Children must be mature students to be prepared for life

Sunday, September 21, 2008

Dear Dr. Dobson: You've said schools need to have enough structure and discipline to require certain behavior from children whether or not they have a natural interest in the subject being taught. Then you must favor a structured, teacher-led program, where student behavior is rather tightly controlled. Why?

Dear Reader: One of the purposes of education is to prepare a young person for later life. To survive as an adult in this society, one needs to know how to work, how to get there on time, how to get along with others, how to stay with a task until completed, and, yes, how to submit to authority. In short, it takes a good measure of self-discipline and control to cope with the demands of modern living.

Maybe one of the greatest gifts a loving teacher can contribute to an immature child, therefore, is to help her learn to sit when she feels like running, to raise her hand when she feels like talking, to be polite to her neighbor and to do English when she feels like doing soccer. I would also like to see our schools readopt reasonable dress codes, eliminating suggestive clothing, T-shirts with profanity or those promoting heavy metal bands, etc. Guidelines concerning good grooming and cleanliness should also be enforced.

I know! I know! These notions are so alien to us now that we can hardly imagine such a thing. But the benefits would be apparent immediately. Admittedly, hairstyles and matters of momentary fashion are of no particular significance, but adherence to a standard is an important element of discipline. Military forces have understood that for 5,000 years!

If one examines the secret behind a championship football team, a magnificent orchestra, or a successful business, the principal ingredient is invariably discipline. Preparation for this disciplined lifestyle should begin in childhood.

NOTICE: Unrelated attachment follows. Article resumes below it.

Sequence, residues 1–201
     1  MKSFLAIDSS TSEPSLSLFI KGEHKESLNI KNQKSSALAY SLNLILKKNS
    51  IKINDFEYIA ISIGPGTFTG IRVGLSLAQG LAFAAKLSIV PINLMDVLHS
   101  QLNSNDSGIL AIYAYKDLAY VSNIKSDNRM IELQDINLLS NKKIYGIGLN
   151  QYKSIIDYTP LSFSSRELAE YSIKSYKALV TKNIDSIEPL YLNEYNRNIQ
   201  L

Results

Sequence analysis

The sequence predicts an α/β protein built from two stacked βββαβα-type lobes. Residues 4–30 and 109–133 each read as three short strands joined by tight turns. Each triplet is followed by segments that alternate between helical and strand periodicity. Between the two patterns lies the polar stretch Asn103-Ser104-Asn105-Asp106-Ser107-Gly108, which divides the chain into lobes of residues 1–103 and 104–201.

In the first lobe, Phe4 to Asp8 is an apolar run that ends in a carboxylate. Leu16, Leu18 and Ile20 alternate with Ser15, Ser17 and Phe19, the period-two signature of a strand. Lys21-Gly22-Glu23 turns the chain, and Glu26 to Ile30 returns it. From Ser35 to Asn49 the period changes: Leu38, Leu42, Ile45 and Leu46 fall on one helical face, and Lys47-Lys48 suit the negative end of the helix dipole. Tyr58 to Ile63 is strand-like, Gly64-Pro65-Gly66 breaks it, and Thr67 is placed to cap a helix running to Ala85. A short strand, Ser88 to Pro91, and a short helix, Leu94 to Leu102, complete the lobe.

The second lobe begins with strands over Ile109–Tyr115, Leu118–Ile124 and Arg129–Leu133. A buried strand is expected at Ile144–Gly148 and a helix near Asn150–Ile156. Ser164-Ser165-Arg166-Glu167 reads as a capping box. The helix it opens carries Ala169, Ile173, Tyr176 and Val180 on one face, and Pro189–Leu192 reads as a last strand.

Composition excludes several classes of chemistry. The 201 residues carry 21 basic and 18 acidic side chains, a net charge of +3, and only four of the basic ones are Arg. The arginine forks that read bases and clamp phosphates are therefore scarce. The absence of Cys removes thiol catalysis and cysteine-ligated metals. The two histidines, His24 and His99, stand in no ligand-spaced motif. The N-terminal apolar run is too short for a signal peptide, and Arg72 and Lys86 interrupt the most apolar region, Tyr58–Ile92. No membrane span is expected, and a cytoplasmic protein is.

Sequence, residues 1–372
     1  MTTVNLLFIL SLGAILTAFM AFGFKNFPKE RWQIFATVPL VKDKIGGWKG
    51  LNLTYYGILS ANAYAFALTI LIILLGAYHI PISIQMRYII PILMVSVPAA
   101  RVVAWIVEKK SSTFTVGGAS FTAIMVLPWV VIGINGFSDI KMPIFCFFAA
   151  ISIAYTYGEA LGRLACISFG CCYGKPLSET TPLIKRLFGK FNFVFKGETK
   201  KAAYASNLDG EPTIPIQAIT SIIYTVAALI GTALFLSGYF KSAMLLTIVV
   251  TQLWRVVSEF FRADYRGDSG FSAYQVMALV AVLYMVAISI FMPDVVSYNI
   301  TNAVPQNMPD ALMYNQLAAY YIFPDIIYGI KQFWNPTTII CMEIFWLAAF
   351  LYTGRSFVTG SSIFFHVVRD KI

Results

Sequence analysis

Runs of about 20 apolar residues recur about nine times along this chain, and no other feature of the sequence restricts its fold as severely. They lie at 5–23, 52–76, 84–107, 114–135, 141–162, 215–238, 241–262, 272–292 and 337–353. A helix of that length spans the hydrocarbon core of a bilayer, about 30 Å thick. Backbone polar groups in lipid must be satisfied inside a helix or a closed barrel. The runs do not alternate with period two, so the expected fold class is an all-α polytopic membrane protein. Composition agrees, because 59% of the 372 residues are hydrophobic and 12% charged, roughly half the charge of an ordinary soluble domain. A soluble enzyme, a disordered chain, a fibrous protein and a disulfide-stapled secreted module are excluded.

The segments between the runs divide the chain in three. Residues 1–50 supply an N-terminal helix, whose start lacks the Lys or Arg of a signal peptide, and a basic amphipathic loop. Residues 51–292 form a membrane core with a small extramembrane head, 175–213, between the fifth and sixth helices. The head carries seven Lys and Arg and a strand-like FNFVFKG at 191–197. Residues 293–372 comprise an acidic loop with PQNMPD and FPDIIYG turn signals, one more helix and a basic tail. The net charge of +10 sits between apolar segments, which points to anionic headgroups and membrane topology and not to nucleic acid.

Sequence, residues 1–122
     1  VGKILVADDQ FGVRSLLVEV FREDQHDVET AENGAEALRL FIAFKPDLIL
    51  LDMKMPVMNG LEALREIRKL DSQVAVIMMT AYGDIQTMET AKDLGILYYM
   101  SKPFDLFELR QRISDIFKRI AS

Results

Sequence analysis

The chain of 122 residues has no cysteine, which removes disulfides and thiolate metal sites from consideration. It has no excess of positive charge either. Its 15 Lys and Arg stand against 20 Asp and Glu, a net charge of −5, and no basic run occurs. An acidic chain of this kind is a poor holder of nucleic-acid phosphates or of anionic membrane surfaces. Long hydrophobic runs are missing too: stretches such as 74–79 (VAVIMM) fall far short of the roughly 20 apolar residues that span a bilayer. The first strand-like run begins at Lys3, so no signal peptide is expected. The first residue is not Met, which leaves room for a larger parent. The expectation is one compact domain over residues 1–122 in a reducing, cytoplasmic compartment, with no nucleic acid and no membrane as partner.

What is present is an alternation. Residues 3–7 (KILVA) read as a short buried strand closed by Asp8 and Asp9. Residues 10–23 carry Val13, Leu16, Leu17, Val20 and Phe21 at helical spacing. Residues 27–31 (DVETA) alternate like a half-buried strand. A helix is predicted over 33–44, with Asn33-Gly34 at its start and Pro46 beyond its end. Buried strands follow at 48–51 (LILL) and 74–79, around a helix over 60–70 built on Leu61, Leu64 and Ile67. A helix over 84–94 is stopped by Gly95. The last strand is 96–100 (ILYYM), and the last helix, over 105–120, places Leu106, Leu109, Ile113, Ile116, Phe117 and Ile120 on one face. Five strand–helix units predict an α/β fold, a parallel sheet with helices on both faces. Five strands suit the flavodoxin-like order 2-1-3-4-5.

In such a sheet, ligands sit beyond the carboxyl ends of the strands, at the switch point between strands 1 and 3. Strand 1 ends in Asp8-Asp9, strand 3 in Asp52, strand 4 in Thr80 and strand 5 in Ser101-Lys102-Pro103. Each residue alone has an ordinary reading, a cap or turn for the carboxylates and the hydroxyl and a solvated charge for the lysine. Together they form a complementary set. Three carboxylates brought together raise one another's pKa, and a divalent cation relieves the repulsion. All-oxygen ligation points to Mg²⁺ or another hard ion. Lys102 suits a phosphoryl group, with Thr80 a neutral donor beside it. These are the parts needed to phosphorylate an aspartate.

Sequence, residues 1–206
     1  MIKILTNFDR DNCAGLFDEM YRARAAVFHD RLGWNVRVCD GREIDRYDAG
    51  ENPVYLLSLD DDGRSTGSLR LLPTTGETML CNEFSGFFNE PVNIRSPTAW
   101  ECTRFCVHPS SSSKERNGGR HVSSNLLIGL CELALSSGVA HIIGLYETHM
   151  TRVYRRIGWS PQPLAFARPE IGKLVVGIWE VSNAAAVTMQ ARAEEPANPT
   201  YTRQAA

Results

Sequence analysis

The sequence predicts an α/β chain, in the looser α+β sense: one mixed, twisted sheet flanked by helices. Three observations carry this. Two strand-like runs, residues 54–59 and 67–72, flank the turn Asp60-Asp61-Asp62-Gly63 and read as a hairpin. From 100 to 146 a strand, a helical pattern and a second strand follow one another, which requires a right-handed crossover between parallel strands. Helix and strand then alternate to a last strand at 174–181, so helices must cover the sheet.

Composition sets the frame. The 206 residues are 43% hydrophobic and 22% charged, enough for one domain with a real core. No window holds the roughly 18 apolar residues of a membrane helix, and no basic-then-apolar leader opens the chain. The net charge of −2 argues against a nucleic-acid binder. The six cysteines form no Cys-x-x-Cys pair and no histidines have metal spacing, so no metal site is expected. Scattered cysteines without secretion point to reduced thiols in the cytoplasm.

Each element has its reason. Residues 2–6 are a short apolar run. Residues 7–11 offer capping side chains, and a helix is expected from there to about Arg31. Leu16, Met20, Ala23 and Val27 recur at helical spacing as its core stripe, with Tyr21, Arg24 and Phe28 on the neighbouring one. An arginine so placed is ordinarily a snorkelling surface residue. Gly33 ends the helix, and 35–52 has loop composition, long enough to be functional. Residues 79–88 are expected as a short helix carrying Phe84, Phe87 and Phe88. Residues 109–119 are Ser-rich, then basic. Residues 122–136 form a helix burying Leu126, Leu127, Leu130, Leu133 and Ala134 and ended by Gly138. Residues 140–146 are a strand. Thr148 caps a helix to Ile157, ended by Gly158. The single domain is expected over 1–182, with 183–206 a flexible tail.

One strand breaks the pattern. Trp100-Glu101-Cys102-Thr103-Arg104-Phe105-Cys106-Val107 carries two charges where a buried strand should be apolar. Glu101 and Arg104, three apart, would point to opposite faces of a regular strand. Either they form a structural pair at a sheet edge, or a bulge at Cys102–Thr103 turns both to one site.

That's why I think it's a mistake to require nothing of children -- to place no demands on their behavior -- to allow them to giggle, fight, talk and play in the classroom. We all need to adhere to reasonable rules, and school is a good place to get acquainted with how that is done.

Dear Dr. Dobson: My former girlfriend and I were absolutely certain we were in love because we were crazy about each other from the moment we met. We were together every day and all our friends thought we would get married. But the relationship cooled off quickly and now we can hardly stand each other. I don't even like to be around her. What do you think happened to us?

Dear Reader: Not knowing either of you, it is difficult to say for sure. But I can tell you that the way your relationship began had something to do with the way it ended. A love affair is usually doomed when it begins with great intensity. It almost always burns itself out in time. You may recall an old song that described a love affair that was "too hot not to cool down." That's the way it often works.

In a manner of speaking, you and your girlfriend ran your race together as though it were a hundred-yard dash. It should have been approached like a marathon. That's why you exhausted yourselves before your journey together ever got started. If a love relationship is to go the distance, there needs to be a comfortable pacing that keeps the two parties from consuming each other. That will give the bond a chance to form -- and allow "the glue to dry."

Send your questions to Dr. James Dobson, c/o Focus on the Family, P.O. Box 444, Colorado Springs, Colo. 80903. Dobson is the chairman of the board for Focus on the Family.

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